Ben Bernanke has been defending the US central bank's aggressive monetary policy from attacks by officials all over the world. These officials have accused Bernanke of sparking a global "currency war," risking the destablishment of emerging market economies.
By Claire Jones and Ben McLannahan
Last updated: October 14, 2012 5:03 pm
Ben Bernanke has launched a staunch defence of the US central bank’s aggressive monetary easing amid attacks on the policy from officials around the world.
The head of the Federal Reserve rounded on critics of the policy, which has prompted accusations that he has sparked a global “currency war” that risks destabilising emerging market economies.
The Fed’s effort “not only helps strengthen the US economic recovery, but by boosting US spending and growth it has the effect of helping support the global economy as well”, Mr Bernanke said on the last day of International Monetary Fund annual meetings in Tokyo on Sunday.
“It is not at all clear that accommodative policies in advanced economies impose net costs on emerging market economies,” he added.
The Fed has faced a barrage of criticism over its decision to expand its balance sheet by a potentially unlimited amount in an attempt to counter high unemployment in the US. Opponents contend that the Fed’s third round of quantitative easing – nicknamed QE3 – has triggered volatile capital inflows into emerging markets, leading to an appreciation of their exchange rates, weighing on trade, and creating threats to financial stability.
Guido Mantega, Brazil’s finance minister and one of the Fed’s most vociferous critics, on Saturday labelled the Fed’s ultra-loose monetary policy as “selfish”.
Mr Bernanke expressed sympathy for these concerns, but said any costs for emerging economies should be weighed against the “very real benefits” of monetary easing by the Fed and other advanced economy central banks. He also said the link between ultra-loose monetary policy and international capital flows was “looser than is sometimes asserted”.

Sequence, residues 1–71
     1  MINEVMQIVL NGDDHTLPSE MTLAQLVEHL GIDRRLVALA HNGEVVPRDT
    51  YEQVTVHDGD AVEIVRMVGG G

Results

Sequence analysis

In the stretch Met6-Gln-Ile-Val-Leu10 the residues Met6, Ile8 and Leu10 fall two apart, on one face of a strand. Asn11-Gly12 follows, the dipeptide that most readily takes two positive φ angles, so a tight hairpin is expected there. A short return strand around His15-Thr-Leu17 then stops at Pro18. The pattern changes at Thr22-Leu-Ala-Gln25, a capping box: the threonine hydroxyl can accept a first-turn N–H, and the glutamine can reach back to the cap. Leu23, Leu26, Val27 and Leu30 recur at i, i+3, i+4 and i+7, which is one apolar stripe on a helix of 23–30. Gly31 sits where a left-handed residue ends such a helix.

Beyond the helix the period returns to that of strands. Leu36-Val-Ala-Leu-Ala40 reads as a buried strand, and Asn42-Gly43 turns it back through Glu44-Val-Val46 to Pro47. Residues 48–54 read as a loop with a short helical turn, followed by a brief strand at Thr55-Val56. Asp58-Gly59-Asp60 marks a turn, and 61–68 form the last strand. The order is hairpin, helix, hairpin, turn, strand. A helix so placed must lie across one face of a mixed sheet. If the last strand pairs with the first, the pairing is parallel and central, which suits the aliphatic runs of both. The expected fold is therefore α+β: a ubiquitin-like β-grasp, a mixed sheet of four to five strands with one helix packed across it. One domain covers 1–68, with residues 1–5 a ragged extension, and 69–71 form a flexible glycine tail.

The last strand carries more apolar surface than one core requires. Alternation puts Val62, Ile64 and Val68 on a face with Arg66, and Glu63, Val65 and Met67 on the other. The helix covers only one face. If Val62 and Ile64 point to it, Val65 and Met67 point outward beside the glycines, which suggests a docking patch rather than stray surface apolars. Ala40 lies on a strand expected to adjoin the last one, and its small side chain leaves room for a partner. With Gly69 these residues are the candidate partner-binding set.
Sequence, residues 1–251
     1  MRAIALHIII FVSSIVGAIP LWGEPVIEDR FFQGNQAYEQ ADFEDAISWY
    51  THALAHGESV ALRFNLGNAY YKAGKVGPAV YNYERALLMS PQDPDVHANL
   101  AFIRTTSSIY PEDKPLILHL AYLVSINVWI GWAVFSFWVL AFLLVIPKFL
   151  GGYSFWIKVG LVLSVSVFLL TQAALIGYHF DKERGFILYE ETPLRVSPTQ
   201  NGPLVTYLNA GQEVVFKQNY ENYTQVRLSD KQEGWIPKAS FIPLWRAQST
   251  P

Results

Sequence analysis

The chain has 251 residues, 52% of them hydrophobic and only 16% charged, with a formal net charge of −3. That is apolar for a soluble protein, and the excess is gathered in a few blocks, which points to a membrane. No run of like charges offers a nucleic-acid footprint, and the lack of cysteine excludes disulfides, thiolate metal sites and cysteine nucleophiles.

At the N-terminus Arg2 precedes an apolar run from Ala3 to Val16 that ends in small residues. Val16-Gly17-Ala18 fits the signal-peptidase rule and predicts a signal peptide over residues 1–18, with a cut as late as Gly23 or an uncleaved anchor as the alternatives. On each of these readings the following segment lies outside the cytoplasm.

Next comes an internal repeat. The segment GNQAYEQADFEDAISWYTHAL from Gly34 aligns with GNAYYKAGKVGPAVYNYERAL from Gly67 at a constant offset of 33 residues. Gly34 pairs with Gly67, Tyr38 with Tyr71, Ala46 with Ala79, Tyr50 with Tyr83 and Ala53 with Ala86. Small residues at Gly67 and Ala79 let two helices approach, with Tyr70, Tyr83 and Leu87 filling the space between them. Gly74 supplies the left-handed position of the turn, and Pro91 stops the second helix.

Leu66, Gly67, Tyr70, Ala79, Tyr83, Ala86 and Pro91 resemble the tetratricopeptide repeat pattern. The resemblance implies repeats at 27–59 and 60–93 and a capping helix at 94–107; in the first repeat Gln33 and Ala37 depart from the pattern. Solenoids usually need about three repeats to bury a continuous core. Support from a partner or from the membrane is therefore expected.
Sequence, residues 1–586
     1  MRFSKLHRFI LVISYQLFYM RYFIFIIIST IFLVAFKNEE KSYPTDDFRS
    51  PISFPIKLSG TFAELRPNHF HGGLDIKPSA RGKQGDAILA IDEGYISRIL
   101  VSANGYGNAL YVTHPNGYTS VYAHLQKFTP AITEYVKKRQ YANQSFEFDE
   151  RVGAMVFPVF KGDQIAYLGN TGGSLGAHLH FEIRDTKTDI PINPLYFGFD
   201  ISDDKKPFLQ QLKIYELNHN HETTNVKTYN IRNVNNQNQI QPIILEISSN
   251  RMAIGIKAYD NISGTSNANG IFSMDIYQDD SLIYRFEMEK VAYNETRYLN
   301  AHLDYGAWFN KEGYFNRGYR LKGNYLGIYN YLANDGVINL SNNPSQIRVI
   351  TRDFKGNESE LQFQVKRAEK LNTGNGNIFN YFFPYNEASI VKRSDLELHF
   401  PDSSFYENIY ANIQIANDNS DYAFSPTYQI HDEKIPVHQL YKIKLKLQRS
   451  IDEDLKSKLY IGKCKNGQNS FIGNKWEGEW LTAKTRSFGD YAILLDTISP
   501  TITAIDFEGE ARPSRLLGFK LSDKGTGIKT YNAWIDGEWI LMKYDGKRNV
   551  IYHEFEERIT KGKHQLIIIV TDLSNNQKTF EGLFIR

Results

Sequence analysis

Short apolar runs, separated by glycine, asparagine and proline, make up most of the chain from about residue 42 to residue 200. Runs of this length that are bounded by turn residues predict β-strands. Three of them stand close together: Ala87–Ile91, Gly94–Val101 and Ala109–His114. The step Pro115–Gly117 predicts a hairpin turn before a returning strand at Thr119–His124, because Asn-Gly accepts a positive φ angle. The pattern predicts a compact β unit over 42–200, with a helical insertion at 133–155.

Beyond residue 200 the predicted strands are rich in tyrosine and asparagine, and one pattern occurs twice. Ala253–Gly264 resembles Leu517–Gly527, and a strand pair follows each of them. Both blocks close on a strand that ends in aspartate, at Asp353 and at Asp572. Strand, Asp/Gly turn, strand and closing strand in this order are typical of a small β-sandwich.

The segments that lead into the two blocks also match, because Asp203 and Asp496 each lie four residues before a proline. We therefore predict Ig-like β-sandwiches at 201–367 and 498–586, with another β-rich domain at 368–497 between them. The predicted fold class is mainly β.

Both the Fed and the Bank of Japan have eased monetary policy in recent months. But Mr Bernanke’s counterpart at the BoJ, Masaaki Shirakawa, appeared far more concerned about the detrimental impact of easing on emerging markets.
Mr Shirakawa warned over the weekend of the “collateral damage” caused by an abundance of easy credit from developed markets to the rest of the world. “With the deepening of globalisation, no responsible policymaker could now dismiss the cross-border spillovers and feedbacks of their policies,” he said.
The BoJ chief called on officials in advanced economies to be more patient. He noted that despite “aggressive” and unconventional monetary policy, the growth trajectory of Europe and the US in the four years following the Lehman crisis had been lower than that of Japan following the bursting of its asset bubbles at the end of the 1980s.
“We have to accept that the growth rate may have to be lower” until excess debt is worked off, Mr Shirakawa said. “Unless we come to terms with this fact, recovery could be endangered by the adoption of inopportune and inappropriate policies, driven by discontent among the general public, that could erode efficiency and destabilise the global economy.”
Christine Lagarde, managing directorof the IMF, indicated that the IMF could relax its position against capital controls to take into account the impact of ultra-loose monetary policy in advanced economies, which she acknowledged was likely to spur large and volatile capital flows to emerging economies.
“We have been working on refining our institutional view on the liberalisation and management of capital flows from the perspective of countries that receive and those that generate capital flows,” she said on Sunday.
The BoJ governor also warned that it could pave the way for the next financial crisis. The current “global easing bias,” he said, “may have parallels with the environment that gave rise to the great credit bubble of the 2000s.”
The Fed and other advanced economy central banks have faced criticism from emerging markets for their policies.
The Fed has also come under attack closer to home. Some lawmakers in Congress have criticised the central bank’s response to the crisis, saying that it has strayed beyond its mandate and that its policies could provoke high inflation. In contrast, the BoJ has often found itself under pressure from lawmakers in Tokyo to step up its response to the country’s economic woes.
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